New South Wales legend Danny Buderus has expressed concern over the state's hooking depth and believes it could present Laurie Daley great issues once Robbie Farah and Michael Ennis retire. 

Buderus, the Blues' most-capped hooker in history, had no issues with Daley sticking solid with Farah and Ennis for the upcoming series but was at a loss to pick who should be hailed as their successor.

Ennis and Farah – who are both 32 – are reaching the twilight of their career meaning the time for New South Wales' thin stock of hookers to stand up is now.

Between Parramatta's Nathan Peats, Bulldog Michael Lichaa and Dragon Mitch Rein there is no clear standout – one of them as likely as the next to be handed New South Wales' No. 9 jumper. 

The likes of Damien Cook, Cameron McInnes, Tyler Randell, Adam Clydsdale, Craig Garvey and Rory Kostjasyn are the remaining dummy halves at Daley's disposal, though are unlikely to play representative football in the near future.  

It is a stark contrast to the embarrassment of riches at Queensland who has Andrew McCullough, Jake Granville, James Segeyaro, Matt Parcell and Jake Friend to fill the huge breach Maroons skipper Cameron Smith will inevitably leave behind in the coming seasons. 

"Hooker is one position that in New South Wales we need to grow. We have Mitch Rein coming through, Michael Lichaa at the Bulldogs, Nathan Peats and not much else more floating around," Buderus told NRL.com.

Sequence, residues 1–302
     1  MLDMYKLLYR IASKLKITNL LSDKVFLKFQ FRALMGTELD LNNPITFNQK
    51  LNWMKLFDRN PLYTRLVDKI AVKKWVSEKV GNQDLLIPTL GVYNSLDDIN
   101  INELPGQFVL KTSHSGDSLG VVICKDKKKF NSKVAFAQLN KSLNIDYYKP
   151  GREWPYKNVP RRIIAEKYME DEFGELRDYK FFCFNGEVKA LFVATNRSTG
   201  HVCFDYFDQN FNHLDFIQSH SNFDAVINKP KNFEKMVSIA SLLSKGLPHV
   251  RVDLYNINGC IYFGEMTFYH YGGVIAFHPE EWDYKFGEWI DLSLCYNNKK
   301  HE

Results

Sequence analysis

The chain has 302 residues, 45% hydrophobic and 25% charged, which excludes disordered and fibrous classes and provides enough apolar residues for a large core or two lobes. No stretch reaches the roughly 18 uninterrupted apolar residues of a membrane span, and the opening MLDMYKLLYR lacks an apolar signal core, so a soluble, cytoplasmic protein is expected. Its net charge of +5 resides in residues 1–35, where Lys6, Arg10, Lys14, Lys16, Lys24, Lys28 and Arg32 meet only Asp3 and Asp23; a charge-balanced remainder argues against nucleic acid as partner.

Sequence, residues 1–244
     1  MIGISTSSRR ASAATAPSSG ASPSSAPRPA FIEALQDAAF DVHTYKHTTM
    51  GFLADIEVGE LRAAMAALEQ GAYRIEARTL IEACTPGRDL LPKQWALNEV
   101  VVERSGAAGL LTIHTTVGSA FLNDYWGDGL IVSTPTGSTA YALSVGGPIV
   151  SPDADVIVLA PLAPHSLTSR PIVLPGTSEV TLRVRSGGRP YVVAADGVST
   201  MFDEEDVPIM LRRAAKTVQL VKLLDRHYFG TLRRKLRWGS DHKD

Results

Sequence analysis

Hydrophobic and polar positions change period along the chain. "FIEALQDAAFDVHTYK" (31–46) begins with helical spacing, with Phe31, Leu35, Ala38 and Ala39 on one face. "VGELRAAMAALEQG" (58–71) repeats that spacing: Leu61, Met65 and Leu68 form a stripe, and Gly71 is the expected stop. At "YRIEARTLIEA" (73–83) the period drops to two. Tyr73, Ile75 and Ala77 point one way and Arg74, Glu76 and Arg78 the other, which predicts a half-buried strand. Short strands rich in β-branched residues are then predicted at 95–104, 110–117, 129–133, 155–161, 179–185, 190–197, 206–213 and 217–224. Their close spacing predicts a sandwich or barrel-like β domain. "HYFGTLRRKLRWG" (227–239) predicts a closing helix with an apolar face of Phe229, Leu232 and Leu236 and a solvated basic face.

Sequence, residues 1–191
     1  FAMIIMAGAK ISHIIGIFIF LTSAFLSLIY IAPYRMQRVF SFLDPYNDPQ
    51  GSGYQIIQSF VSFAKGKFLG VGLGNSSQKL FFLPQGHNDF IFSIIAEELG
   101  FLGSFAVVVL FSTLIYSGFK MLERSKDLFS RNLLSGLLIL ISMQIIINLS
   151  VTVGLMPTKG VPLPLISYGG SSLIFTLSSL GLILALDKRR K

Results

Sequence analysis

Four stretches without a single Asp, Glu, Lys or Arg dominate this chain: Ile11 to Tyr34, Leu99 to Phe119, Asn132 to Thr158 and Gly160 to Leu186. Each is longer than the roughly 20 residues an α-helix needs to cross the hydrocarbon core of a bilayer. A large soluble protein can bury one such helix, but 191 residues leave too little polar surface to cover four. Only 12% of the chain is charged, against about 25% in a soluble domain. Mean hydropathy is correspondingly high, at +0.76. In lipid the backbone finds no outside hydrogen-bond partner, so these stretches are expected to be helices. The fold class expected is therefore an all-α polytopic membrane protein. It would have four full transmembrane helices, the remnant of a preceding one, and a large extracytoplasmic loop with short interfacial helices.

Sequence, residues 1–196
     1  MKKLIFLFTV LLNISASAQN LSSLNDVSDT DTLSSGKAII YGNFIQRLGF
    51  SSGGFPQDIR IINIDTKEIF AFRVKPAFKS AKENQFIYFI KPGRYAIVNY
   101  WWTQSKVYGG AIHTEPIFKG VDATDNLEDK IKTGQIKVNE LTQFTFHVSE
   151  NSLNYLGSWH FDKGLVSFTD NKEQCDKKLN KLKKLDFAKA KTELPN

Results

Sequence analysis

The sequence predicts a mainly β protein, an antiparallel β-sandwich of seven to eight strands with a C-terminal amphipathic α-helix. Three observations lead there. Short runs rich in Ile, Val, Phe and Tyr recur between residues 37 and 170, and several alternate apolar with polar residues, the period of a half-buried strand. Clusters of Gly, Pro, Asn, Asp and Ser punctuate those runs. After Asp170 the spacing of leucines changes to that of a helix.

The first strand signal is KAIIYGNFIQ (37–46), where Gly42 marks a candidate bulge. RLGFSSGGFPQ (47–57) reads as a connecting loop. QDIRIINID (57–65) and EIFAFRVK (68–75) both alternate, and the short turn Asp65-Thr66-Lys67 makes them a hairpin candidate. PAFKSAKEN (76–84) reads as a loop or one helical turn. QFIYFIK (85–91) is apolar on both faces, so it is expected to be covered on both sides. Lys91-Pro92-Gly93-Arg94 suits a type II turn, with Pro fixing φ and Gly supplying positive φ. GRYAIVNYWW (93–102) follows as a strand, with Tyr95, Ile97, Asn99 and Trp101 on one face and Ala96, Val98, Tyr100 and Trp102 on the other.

"It's something that will be an issue going forward is the hooking position. We talked about it at last year's City v Country with Mitch Rein that he was playing that fixture to put his hand up. 

"But he needs to have a consistent year as well to really establish himself and say 'righto I'm ready to be picked'. It would be nice to have a few more in and amongst that group that's ready for the next level."

Rein himself is mindful, if not cautious, about how he performs every weekend knowing an Origin spot is on the line moving forward. 

"You always want to be performing to the best of your ability and as early as you can. I have a few little small goals that I'm trying to work on week to week," Rein told NRL.com

"If I tick those off that will hopefully lead to bigger things – all I want to do is be here for the Dragons first and if something happens, something happens."

While he has acted as Country Origin's assistant coach in recent seasons Buderus has dedicated himself solely to helping Nathan Brown at the Knights in 2016.

Buderus has seen firsthand this year with Newcastle's Randell and Danny Levi how the introduction of eight interchanges has impacted the hooking role.

He expects whoever plays hooker in Origin from now on – as Farah has done for the past couple of years – to permanently be an 80 minute role. 

"It's going to be interesting to see how it pans out. I think coaches are just playing with it at the moment and some might think 'oh I didn't need that extra hooker on the bench'," he said.

"What you will need in the modern era of Origin football though I reckon is probably an 80 minute hooker and your back-rowers need to play 80 minutes at least too."

This article first appeared on NRL.com